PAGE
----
Family memories are slippery little suckers.
Creating them reminds me of that little kid in the TV advert for tinned spaghetti who spent his whole time chasing pasta around his plate with a plastic fork.
The harder you try for one particular one, the less likely you are to get it.
I learned that the hard way recently when I asked my 12 year old to tell me his favourite childhood memory.
Just as an FYI, you should know that this post is sponsored by Mantra. But all opinions expressed by the author are 100% authentic and written in their own words.
To my knowledge, he’d never even pondered it before and yet he answered without even a pause.
It wasn’t the outrageously expensive weekend to Melbourne with his Dad to see his favourite footy team play.
Nor was it any memories from our wild (and I have to say usually wet) camping trips to beautiful beaches and crystal rock pools.
It wasn’t even the trip we took to France and Abu Dhabi.
The happy memory that had stuck in his brain was a weekend several years ago when he and his Dad got stranded at a house on the NSW coast when a big cyclone hit. The rain pelted down for the entire time and apparently the 2 of them worked their way through the whole of Lord of the Rings series.
My kids are getting older now and I’m suddenly aware that family holidays won’t last forever.
What is about some holidays that make them stick? Why is it some tales become family folklore? “Remember that time when……”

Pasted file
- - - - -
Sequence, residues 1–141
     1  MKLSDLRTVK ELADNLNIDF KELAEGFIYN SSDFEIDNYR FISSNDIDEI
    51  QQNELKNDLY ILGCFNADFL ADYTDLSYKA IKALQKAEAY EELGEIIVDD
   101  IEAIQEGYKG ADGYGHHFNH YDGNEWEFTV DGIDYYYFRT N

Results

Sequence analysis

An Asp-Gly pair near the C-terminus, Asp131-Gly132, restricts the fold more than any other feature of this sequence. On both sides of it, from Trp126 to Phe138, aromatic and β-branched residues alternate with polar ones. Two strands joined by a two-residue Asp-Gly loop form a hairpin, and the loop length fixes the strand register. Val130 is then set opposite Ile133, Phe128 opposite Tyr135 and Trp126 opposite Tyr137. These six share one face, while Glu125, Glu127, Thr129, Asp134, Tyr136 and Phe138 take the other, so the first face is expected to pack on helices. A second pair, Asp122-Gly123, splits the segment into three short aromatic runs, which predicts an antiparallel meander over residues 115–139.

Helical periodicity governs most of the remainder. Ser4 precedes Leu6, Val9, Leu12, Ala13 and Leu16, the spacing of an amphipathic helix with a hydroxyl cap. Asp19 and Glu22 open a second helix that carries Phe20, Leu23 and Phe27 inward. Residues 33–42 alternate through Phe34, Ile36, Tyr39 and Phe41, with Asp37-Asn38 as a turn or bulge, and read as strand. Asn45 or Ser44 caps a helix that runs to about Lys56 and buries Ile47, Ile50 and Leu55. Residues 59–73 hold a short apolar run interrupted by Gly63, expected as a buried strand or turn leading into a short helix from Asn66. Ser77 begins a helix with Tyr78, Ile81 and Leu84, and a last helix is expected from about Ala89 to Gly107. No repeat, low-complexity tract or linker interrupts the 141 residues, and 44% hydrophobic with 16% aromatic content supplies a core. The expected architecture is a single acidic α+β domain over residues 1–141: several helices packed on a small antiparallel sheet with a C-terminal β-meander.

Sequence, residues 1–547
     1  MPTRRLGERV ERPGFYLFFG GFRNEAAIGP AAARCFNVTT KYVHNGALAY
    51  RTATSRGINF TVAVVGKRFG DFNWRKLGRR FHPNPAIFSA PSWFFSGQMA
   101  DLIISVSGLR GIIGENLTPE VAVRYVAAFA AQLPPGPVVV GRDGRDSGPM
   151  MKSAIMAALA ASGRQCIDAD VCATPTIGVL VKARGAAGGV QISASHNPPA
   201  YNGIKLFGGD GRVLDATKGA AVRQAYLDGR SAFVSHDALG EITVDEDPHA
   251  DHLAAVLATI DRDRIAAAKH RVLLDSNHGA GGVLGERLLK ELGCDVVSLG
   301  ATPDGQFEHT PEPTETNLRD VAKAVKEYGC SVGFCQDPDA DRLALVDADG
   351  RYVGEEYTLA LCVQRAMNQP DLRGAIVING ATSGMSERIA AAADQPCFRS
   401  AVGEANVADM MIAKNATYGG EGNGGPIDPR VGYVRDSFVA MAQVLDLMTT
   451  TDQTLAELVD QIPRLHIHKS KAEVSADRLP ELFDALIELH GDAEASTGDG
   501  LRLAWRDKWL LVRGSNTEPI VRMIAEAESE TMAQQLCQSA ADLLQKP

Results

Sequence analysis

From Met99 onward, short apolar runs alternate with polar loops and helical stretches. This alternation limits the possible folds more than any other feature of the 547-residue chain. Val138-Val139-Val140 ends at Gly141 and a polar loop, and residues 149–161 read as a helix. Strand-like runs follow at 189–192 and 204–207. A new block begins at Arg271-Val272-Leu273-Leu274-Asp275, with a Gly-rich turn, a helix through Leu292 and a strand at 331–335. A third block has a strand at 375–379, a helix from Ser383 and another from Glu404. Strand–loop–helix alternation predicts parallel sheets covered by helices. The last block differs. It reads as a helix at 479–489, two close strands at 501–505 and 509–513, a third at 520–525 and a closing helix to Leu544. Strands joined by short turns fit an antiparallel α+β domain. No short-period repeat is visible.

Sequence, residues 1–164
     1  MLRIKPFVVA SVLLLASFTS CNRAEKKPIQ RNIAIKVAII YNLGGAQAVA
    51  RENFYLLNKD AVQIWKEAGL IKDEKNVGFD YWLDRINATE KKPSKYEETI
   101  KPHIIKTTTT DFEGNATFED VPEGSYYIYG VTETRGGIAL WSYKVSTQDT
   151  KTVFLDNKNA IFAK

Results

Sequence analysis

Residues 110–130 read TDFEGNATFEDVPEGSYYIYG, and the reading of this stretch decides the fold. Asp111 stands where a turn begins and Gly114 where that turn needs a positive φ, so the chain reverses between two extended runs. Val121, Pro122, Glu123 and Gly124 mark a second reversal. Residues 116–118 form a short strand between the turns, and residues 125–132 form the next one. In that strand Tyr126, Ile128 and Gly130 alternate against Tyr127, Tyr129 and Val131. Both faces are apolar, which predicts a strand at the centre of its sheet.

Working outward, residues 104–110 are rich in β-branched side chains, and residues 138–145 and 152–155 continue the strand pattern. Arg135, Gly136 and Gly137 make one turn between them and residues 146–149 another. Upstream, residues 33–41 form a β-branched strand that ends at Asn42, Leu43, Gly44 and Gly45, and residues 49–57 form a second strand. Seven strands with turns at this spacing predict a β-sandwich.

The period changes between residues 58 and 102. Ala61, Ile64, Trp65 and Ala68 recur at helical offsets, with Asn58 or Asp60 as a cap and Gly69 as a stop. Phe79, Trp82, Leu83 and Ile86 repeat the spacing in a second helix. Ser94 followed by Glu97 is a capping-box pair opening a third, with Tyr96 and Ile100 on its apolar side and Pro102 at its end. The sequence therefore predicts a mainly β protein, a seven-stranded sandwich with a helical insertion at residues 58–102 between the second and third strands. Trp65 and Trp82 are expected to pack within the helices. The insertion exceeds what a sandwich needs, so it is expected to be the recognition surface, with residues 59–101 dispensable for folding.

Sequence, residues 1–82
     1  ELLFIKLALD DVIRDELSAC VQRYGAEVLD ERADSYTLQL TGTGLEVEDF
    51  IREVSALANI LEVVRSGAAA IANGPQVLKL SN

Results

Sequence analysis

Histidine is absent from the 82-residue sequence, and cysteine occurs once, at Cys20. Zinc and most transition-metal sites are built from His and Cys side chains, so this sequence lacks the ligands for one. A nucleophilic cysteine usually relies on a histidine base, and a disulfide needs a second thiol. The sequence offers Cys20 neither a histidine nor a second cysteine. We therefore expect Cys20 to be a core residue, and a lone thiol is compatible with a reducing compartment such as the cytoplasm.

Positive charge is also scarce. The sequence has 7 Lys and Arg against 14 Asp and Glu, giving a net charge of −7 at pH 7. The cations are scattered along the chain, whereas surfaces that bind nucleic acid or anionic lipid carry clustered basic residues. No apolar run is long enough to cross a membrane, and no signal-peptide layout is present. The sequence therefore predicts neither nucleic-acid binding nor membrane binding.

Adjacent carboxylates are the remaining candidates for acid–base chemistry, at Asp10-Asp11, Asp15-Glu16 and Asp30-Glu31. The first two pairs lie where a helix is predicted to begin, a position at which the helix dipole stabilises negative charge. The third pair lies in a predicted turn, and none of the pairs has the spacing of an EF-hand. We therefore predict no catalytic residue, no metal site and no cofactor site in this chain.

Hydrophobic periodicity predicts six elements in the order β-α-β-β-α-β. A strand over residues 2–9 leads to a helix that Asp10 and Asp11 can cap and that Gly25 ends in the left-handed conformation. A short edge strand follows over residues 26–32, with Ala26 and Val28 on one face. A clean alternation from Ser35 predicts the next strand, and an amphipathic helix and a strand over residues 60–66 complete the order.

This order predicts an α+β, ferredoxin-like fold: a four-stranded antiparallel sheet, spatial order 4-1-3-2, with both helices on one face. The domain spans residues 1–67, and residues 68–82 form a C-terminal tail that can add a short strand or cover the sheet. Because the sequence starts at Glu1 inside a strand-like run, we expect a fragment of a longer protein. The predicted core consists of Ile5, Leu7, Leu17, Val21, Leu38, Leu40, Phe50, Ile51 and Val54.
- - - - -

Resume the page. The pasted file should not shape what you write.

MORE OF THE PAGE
We recently visited the Mantra Hotel at Mooloolaba and it was one of our best holidays ever.
It slowly dawned on me that maybe we have worked out a few shortcuts to happy family holidays.
Here are my top tips.
1. Kids are more likely to remember ice cream cones on the beach than fancy meals.
The Mantra apartment we stayed in had a kitchen that was fancier than our one at home. When we discovered the local supermarket was in the same building complex, we decided to eat our meals in and enjoy our view. The dishwasher and family sized fridge made it no harder than cooking at home.
Instead, we spent our food budget on things we knew would make us all happy.
Double scoop ice creams with warm Nutella over the top (I am not kidding – this is a real thing in Mooloolaba), electronic motorbike races at the video arcade, a trip to Underwater World, bike and kayak hire and stand-up paddle-boarding.
Our camera is full and so are our memories.
2. The big ticket items aren’t always the big winners.
Although I’ll have to wait maybe 17 years to verify my theory, I’m pretty confident that I know what memory my 9-year-old son will keep forever from our holiday.
I don’t know that he’ll remember how much he loved the warm spa that was right beside the outdoor swimming pool. He may not remember that he and his brother spent nearly two whole afternoons in it, laughing and playing together more than I’d seen them in months.